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Success requires developing in those subordinates the talent to think and make decisions on their own. In my experience that meant emphasizing instruction on critical thinking and leadership. The American Army has found this especially important in the current wars with operations dispersed at company and even squad level. As we watched the Russian instruction, though, I began to doubt they would be successful. In the electronics class, the Kadety drilled on memorizing descriptions of circuits and how they worked. The methodology was repeated in the next class, where students gathered around an armored personnel carrier with its inner mechanics revealed by cutouts in the vehicle’s side. The focus of their entire curriculum was memorization of equipment components when it seemed they should be studying leadership and command techniques. I left the classrooms convinced that their leader training system was outdated for the challenges facing today’s officers and would fail to develop the necessary leadership skills. It wasn’t until several weeks later in a Moscow diner that I learned the wisdom in the Russian approach to training and understood how it fit into their system of leadership—but more on that later. Before we traveled to Chita, I had prepared a report about the Russian army’s readiness and how uniformed leaders everywhere were battling critical budget and personnel shortages. The obstacles the Siberian District deputy commander was facing made the problems of his visiting US counterpart seem small by comparison. Russian commanders and their troops operated their own farms in the summer to ensure fresh food was available for everyone and their families, and in the winter, troops shoveled coal from railcars to army trucks to provide heat to barracks, offices, and apartments. During the winter before our visit, newly privatized Russian electric companies routinely shut off electrical power to government agencies in Siberia, including the military, because they were unable to pay their bills. When utility companies turned off power to missile and nuclear sites, it raised the objections of not only Russian commanders but also officials in Washington, who were concerned that disgruntled troops in nuclear units might respond by selling off their weapons or abandoning them—a terrorism nightmare. As a result, power was quickly restored to missile and nuclear units. But less strategic units like infantry and tank divisions in the district had no advocates beyond their commanders and sometimes languished for weeks without power. In some cases local military commanders raided electric plants and occupied the buildings until power was restored. I recalled a visit to Moscow three months earlier by the chief of the American Army, General Eric Shinseki, to his Russian counterpart, General Nikolai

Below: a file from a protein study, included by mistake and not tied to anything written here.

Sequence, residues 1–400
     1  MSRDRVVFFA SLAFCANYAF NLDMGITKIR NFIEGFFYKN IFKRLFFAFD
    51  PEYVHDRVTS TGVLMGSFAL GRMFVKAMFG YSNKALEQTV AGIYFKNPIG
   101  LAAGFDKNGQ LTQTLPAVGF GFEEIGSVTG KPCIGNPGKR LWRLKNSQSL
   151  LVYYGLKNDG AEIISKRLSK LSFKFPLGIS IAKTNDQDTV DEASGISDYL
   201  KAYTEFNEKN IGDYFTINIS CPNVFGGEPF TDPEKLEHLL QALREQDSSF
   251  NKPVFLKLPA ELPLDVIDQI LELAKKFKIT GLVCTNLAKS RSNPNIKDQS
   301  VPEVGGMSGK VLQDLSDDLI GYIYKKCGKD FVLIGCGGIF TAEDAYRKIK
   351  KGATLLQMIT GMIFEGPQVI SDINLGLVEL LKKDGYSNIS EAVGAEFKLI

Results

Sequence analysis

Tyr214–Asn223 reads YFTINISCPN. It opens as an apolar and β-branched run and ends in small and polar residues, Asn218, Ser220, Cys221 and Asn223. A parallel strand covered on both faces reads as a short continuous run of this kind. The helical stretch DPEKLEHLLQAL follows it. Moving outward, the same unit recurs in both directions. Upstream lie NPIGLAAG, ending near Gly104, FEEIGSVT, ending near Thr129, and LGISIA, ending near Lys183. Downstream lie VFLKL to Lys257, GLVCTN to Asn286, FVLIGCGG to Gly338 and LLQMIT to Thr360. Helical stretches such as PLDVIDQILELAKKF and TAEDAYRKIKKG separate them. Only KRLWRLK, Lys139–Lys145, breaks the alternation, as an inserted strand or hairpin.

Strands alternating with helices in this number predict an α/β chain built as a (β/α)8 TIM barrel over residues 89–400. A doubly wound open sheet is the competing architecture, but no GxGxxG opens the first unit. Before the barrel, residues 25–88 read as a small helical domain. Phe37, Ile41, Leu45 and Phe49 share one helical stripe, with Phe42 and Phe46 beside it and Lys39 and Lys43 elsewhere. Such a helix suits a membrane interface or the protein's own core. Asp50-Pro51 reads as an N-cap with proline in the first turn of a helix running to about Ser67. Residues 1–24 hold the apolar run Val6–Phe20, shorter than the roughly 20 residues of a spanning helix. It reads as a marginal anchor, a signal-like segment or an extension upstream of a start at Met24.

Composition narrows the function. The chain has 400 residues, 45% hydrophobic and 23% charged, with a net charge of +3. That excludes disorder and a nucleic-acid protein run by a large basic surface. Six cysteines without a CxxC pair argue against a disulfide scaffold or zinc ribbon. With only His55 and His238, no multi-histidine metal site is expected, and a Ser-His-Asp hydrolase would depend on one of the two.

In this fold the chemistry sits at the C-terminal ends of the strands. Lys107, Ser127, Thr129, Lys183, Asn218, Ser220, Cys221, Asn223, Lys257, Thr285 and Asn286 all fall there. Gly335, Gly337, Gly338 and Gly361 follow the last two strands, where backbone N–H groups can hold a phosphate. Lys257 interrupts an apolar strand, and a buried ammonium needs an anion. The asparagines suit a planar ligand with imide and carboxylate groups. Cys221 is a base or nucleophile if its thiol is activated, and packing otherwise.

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Kormiltsev. Shinseki asked Kormiltsev what his biggest problems were as leader of the Russian army. Trying to put a good face on a dire situation, Kormiltsev said, “Well, we’re okay, really, except I could use a little more money and a few more troops.” I wondered what Shinseki thought of Kormiltsev’s assessment, because those were almost the same words he had used to describe the US Army’s condition to his own generals the same year. But the two armies could not have been in more different situations with respect to resources. Kormiltsev was leading a force that was hemorrhaging junior officers and privates on a budget of less than $5 billion, while Shinseki was in charge of an army with nearly 100 percent manning on a budget of over $80 billion. From the academy classrooms, the deputy commander led our group on foot to a briefing room at the nearby headquarters building, where he confirmed what we already knew about his situation. As we sat through an orientation briefing, it was clear that the once-proud Siberian Command was now relegated to the bottom tier of units, behind the volatile North Caucasus and Western commands, which could claim priority against threats from terrorists and the West. Despite this reality, the commander and his staff continued to plan and execute combat training where it could be afforded. That summer of 2002, the district had managed to raise the level of exercises from company to battalion for the first time in several years. But the officers were upset they still could not afford to maneuver at brigade or division level. Later that day we also visited one of the troop barracks. The three-story building was 1950s cinder-block construction with open sleeping bays quartering up to fifty soldiers each. Each of the barracks buildings had an arms room with an iron door and large padlocks securing AK-47 rifles and other small-caliber weapons. Each floor had a soldier standing watch against misconduct, theft, or other dangers. In many ways they reminded me of buildings I inherited as a young lieutenant in the mid-1970s at the end of the Vietnam War and the beginning of our switch to a volunteer army. The care and attention to keeping floors polished and walls painted could not completely hide the underlying deterioration of the structures. I felt a kinship with the officers who were saddled with keeping up standards under such advancing conditions. The problem in the US Army was eventually solved by tearing down the structures in the 1980s—either to be rebuilt or left flattened. I imagined that the same solution would be required in Russia’s case, if the government would ever commit the funds necessary to fix the problems. Until then, the command would be patching holes as quickly as they could find them.